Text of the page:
Smith College adopts new policies after authorities were called on a black student
Smith College has adopted new campus policing guidelines aimed at reducing clashes between school officials and minority students after an employee called authorities on a black sophomore who was relaxing in a common area last summer.
The revised policies require the dispatcher to gather more information about the caller and the allegedly suspicious person to determine that a police response is warranted and to reduce racial profiling. Employees are also encouraged to first talk to a person who may seem out of place but does not seem threatening.
“This is a crucial step forward,” said Carl Takei, an attorney with the American Civil Liberties Union, who has been representing the black student in this case and negotiating policy changes with Smith. Takei said the changes should help ensure that all students feel that they belong on the campus. “Recruiting a diverse student body isn’t enough. Schools have a responsibility to ensuring that the students that they welcome to campus aren’t then targeted by their own campus police departments.”
Last summer, a Smith custodial worker reported to campus police that Oumou Kanoute, a student who was working as a teaching assistant, was “out of place” in a residence hall. Kanoute was relaxing in the building after having lunch. Kanoute, who believed she was targeted because she was black, posted video of the police encounter on Facebook, drawing nationwide attention to potential bias on college campuses.
The incident sparked outrage among some students and alumni, while others, including some employees, defended the custodial worker.
Students at Smith staged a mass walkout during convocation in September and demanded the school address the potential racial bias.
The college hired an outside investigator to review the incident. The investigation found that the college employee who called police had legitimate reasons for flagging the situation, including that Kanoute was sitting in an un-airconditioned room of a building that was closed. But Kathleen McCartney, president of Smith, acknowledged that the school should do more to prevent similar incidents.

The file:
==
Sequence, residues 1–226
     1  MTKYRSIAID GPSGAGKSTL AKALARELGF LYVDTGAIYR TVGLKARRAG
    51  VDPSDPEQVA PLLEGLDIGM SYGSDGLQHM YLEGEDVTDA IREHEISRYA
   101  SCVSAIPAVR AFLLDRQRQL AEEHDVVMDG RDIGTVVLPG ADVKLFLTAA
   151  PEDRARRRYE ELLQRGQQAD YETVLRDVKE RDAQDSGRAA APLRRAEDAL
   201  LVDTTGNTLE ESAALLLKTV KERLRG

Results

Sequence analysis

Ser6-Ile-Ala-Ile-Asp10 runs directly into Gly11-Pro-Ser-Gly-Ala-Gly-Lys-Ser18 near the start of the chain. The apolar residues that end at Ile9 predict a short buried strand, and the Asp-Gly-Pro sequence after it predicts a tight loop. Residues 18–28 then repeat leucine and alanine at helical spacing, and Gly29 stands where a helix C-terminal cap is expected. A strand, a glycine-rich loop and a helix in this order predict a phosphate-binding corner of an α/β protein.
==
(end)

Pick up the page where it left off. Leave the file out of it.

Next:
In announcing the new policies, Smith officials said Wednesday that the college is trying to reduce the “likelihood of bias-related incidents.”
“This guidance emphasizes respectful dialogue — rather than escalation to police — when observing behaviors that do not rise to the level of a safety threat,” the college said in a statement.
The new guidelines will affect both Smith and Mount Holyoke College because they share police departments. All police employees will receive mandatory training on the policies, Smith officials said.
Among the changes that Smith will adopt: Dispatchers will have to obtain full descriptions of individuals involved in the suspicious person call. When police arrive to a nonviolent scene, they should ask the people being reported whether they need assistance, the new rules state.
“This is a non-confrontational way to begin a conversation and might put them at ease,” according to the rules.
If the officer believes the incident might involve bias-profiling, that should be reported to superiors, under the new rules.
And the guidelines remind officers that “the vast majority of our suspicious person calls turn out to be community members or guests of our community engaging in appropriate activity.”
The rules have been adopted after several months of discussions among the ACLU, Smith, the college’s black students, and employee and alumni groups.
Takei said Smith still has work to do to ensure that the campus is inclusive, but these changes are a positive development.
While Kanoute’s case came to represent the threats faced by black students living their daily lives on college campuses, it is not the only incident, Takei said.
Last September, an anonymous tipster called campus police on a black University of Massachusetts Amherst employee going about his daily routine, according to the university. Last spring, police questioned a black Yale University graduate student after a white student found her sleeping in a common room of their dorm.
Takei said he hoped other colleges would adopt similar guidelines to what Smith has introduced. “There’s a real national problem that needs to be addressed,” he said.
Kanoute was not immediately available for comment.
McCartney in a statement to the Smith community Wednesday said the college would continue to work on issues of inclusions. “A painful event led us to reassess and recommit to making Smith a place where each of us feels included and valued,” McCartney said.